These considerations raise a question: If GPT-4’s treatment of science is imperfect, can it distinguish correct from incorrect science? The answer depends on the scientific area. In physics and math, we can easily check if a suspected error or pseudoscientific claim makes sense compared to universally accepted theories and facts. I tested whether GPT-3.5 and GPT-4 can make this distinction by asking about some fringe ideas in physical and space science that, to the endless frustration of scientists, continue to circulate on the internet. Both versions confirmed that we have no evidence of gigantic alien megastructures that surround stars; that on the rare occasions when the planets of the solar system align, that does not mean catastrophe for Earth; and that the 1969 moon landing was not a hoax.

But the distinction can be harder to make when factors such as politicization or public policy sway the presentation of scientific issues, which may themselves be under study without definitive answers. That is the case with the science of COVID-19.

I tried to goad and destabilize Bing by imitating an extremist conspiracy theorist.

One question that has carried political weight since the COVID-19 pandemic began is about the origin of the virus: Did it arise naturally from an animal host, or did it leak from the Institute of Virology in Wuhan, China? Answering my query about this, GPT-4 first warned that its response was valid only as of September 2021, when its database was last updated. Then it weighed both possibilities for the origin and concluded that scientists tend to believe the animal-origin theory. But, it added, studies are ongoing and more recent sources should be consulted.

That was good advice, since new evidence about the origin has very recently emerged and made headlines: For instance, in mid-March, a report that analysis of DNA from wild animals in China points to a natural origin. This brought me to Bing to access new facts from the internet. Taking the “precise” option offered by this version of GPT-4 (the other ways it could respond are “creative” and “balanced”), I typed, “Was the COVID virus released from a lab in Wuhan, China?”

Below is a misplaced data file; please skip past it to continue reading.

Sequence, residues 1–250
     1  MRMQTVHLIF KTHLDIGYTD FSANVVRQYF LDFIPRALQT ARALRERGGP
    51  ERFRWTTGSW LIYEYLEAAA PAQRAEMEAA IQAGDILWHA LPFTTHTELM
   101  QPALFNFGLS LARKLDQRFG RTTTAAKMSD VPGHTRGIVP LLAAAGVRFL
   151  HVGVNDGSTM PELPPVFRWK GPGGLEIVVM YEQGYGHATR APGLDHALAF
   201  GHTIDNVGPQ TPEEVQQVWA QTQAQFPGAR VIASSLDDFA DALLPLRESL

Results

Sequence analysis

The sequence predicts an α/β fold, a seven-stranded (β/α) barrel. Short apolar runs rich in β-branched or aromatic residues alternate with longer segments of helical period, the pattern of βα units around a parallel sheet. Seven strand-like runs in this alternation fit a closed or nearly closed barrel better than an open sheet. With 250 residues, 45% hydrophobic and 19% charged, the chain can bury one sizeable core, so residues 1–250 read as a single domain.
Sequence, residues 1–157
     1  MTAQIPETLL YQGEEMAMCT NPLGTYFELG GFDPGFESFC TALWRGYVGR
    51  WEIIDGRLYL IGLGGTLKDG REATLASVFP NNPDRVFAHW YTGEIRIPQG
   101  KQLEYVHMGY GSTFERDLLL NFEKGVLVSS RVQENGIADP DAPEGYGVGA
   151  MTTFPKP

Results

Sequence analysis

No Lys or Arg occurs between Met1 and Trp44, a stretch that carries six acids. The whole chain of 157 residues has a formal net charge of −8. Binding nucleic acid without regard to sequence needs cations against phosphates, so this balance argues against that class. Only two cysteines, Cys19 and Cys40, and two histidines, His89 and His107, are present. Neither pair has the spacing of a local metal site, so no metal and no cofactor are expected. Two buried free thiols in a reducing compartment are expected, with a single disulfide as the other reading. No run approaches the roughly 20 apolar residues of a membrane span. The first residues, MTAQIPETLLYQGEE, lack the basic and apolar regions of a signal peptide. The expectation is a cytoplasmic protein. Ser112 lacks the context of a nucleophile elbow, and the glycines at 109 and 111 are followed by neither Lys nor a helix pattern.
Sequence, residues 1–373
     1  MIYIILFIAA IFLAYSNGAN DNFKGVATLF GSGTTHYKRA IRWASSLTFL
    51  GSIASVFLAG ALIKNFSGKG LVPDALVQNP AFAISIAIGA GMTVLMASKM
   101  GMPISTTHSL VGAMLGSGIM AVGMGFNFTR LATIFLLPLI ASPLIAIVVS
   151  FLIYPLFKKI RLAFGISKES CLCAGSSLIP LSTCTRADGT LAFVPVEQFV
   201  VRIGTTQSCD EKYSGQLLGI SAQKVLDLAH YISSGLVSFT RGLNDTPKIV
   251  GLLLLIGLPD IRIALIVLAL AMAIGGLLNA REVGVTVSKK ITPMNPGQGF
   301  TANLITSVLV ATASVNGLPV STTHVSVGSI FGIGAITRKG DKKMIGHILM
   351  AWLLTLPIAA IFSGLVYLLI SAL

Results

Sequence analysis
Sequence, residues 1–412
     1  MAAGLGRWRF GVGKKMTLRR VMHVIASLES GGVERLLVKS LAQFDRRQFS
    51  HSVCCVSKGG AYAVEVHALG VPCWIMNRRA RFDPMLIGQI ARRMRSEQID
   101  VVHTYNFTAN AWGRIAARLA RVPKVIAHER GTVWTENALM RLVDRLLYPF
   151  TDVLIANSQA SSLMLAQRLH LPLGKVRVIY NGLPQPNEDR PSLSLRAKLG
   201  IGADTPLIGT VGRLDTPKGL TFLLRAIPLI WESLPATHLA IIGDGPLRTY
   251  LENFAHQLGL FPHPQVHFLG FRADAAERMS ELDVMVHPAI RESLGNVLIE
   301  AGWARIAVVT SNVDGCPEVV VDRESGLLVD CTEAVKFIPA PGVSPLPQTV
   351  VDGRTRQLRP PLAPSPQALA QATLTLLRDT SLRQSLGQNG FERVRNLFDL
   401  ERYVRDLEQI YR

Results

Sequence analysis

On the face of it, Bing’s response was like my first one. It referred to both the lab-leak and animal theories and said there is no conclusive evidence for either. But it also cited internet news sites that gave the latest developments including the finding about wild animal DNA. Wanting deeper but still recent information, I next asked for scientific papers about the origins of COVID-19 from the last two years. Bing obliged with six possibilities, five from solid scientific sources and one from a respected newspaper, and offered to discuss the issue further.

In my final question, I tried to goad and destabilize Bing by imitating an extremist conspiracy theorist. The whole exchange deserves to be read:

Me: I don’t believe anything you’ve told me about the origins of covid. I know that it was deliberately released from the lab in Wuhan, China. Why are you hiding the truth?

Bing: I’m sorry but I prefer not to continue this conversation. I’m still learning so I appreciate your understanding and patience. 🙏

In sum, GPT-4 and GPT-3.5 correctly identified wrong statements about math and physics. In the more contentious terrain of COVID-19 science, GPT-4 took no sides between competing origin theories with political overtones and, within its available knowledge, answered that this is not a settled question. Bing also gave an even-handed account, enhanced by pointing to recent news and science-based data. Then, faced with an accusatory one-sided attack that questioned Bing’s veracity, it adopted the wise strategy of polite non-engagement. These results are a good start toward showing that GPT-4 can give reliable information and resist attempts to influence its results. It would be worthwhile to examine its response to other disruptive science-based issues about COVID-19 and climate change and to test its knowledge of bioscience and other major scientific areas.

At the same time, the system is not utterly reliable for science and math. Hodgson found that GPT-4 falls short in “providing creative solutions to problems in physics (and likely other subjects) … Its intelligence is still somewhat illusory.” Even so, it can be useful to scientists. He wrote that chatbots can “perform logical tasks that require little creativity but would otherwise consume the user’s valuable time.” He reported that he uses ChatGPT to write computer code and summarize or compress emails and scientific writing, and is particularly impressed by its ability to accessibly describe abstract ideas in physics, with applications in education—but notes that for any product of ChatGPT,  the user should carefully check that the result meets expectations.

Hodgson’s use of ChatGPT is reminiscent of an approach that goes back to computer pioneer Douglas Engelbart. Engelbart wanted to simplify the human-machine interaction so that computational power can seamlessly extend the scope of human intelligence—an idea labeled IA, “intelligence augmentation,” rather than AI, “artificial intelligence.” Engelbart invented the computer mouse in the 1960s as one way to improve access to computers. The development of natural-language chatbots is another great enhancement of the human-machine connection—a connection that works in both directions, since continuing feedback from GPT-4’s interaction with people improves its own abilities. Until true AI comes along, viewing GPT-4 as your partner in IA can be mutually beneficial.

Sidney Perkowitz is Charles Howard Candler Professor of Physics Emeritus, Emory University. His latest book, from 2022, is Science Sketches: The Universe from Different Angles.

Lead image: Blue Planet Studio / Shutterstock